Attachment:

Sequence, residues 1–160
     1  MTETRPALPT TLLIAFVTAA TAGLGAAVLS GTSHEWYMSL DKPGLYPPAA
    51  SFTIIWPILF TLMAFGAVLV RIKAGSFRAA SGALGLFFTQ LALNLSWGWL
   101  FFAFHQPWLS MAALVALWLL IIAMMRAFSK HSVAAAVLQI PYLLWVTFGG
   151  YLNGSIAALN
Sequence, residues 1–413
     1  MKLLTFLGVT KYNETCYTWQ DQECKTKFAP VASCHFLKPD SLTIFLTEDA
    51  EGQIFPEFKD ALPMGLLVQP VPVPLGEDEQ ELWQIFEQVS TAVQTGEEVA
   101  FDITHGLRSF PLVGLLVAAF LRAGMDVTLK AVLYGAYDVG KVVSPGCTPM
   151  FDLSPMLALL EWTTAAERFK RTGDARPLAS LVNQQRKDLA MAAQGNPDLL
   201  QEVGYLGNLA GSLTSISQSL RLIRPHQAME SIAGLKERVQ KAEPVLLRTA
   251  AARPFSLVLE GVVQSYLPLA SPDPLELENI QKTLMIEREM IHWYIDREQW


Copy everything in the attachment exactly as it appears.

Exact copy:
Sequence, residues 1–160
     1  MTETRPALPT TLLIAFVTAA TAGLGAAVLS GTSHEWYMSL DKPGLYPPAA
    51  SFTIIWPILF TLMAFGAVLV RIKAGSFRAA SGALGLFFTQ LALNLSWGWL
   101  FFAFHQPWLS MAALVALWLL IIAMMRAFSK HSVAAAVLQI PYLLWVTFGG
   151  YLNGSIAALN
Sequence, residues 1–413
     1  MKLLTFLGVT KYNETCYTWQ DQECKTKFAP VASCHFLKPD SLTIFLTEDA
    51  EGQIFPEFKD ALPMGLLVQP VPVPLGEDEQ ELWQIFEQVS TAVQTGEEVA
   101  FDITHGLRSF PLVGLLVAAF LRAGMDVTLK AVLYGAYDVG KVVSPGCTPM
   151  FDLSPMLALL EWTTAAERFK RTGDARPLAS LVNQQRKDLA MAAQGNPDLL
   201  QEVGYLGNLA GSLTSISQSL RLIRPHQAME SIAGLKERVQ KAEPVLLRTA
   251  AARPFSLVLE GVVQSYLPLA SPDPLELENI QKTLMIEREM IHWYIDREQW